---Academic support when needed
---Full orientation to the school, the campus and the community
---Peer support from fellow students

Knowledge River is looking for people who want to:
---Bring the benefits of the Information Age to American Indian and Hispanic communities.
---Study library and information science with others who are committed to providing information, educational resources, the latest technology and relevant library materials to Hispanics and Native Americans.
---Participate in an innovative graduate level curriculum that incorporates cultural authenticity into newly designed courses specifically geared to the needs and interests of Native Americans and Hispanics.

You can find out more at the Knowledge River website:

Questions?  Contact the program's Director, Pat Tarin, at (520) 621-6428;

6. Book giveaway

Esteemed compañero Martín Vera of Mexico City, one of the leaders of the Mexican Progressive Librarians' Study Circle, generously sent us an important book and he wants you to have a copy, too.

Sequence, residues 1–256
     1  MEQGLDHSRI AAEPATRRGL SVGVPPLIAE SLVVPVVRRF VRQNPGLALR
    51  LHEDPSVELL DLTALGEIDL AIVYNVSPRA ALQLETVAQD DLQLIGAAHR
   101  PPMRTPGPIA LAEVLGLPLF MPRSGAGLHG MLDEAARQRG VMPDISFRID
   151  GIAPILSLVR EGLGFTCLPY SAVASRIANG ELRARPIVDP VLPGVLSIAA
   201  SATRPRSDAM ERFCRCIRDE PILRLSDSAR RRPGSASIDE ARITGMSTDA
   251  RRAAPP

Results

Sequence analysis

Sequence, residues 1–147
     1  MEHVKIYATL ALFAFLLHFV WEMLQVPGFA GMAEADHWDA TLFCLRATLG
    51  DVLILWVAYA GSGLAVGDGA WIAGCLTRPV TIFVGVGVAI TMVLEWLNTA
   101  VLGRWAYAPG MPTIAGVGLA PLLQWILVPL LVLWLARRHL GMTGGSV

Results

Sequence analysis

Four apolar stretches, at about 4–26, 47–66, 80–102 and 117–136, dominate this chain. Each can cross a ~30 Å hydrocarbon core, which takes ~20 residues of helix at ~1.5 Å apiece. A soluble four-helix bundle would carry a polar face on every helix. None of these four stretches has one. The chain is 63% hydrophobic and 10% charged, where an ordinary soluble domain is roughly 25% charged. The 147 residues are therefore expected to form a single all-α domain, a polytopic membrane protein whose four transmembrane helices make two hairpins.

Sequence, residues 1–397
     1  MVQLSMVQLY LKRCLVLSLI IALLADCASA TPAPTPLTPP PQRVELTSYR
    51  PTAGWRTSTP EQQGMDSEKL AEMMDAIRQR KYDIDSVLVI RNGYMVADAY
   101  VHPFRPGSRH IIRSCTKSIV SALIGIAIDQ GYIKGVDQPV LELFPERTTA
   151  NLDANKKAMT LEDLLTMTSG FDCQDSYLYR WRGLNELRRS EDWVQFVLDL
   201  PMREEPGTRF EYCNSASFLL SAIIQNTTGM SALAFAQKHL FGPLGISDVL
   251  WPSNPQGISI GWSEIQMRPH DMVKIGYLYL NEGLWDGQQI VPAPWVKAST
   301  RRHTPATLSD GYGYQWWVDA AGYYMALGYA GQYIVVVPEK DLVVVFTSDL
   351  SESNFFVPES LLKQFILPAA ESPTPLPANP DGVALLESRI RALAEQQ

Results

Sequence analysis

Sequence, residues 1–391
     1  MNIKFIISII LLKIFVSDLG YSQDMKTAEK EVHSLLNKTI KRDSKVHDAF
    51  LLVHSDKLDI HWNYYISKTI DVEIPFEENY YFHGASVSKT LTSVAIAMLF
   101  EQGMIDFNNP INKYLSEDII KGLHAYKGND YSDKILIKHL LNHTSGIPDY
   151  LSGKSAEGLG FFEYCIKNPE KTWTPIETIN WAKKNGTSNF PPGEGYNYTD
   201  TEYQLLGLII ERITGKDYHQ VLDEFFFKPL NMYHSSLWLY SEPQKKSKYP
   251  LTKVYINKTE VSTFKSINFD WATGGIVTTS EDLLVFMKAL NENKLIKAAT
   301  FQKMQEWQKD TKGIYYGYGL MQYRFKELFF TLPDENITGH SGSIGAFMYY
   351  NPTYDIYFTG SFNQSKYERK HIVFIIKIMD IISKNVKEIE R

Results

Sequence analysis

In November 2000, IFLA and the CUIB (UNAM's Center for Library Science Research) convened the first conference to examine library services to indigenous communities in Latin America, drawing scholars and practitioners from Brazil, Venezuela, Colombia, and elsewhere in the hemisphere, including the host country of Mexico. 

The book contains 13 articles describing programs and research involving culturally appropriate information services, literacy, indigenous language publishing, and other topics.  Win yourself a copy by being the first SOLista to email me the name of the most famous novelist and poetry slammer to come out of Wellpinit, Washington on the Spokane Indian reservation.  Extra points if you can name his new movie, the one that made such a splash at Sundance this year.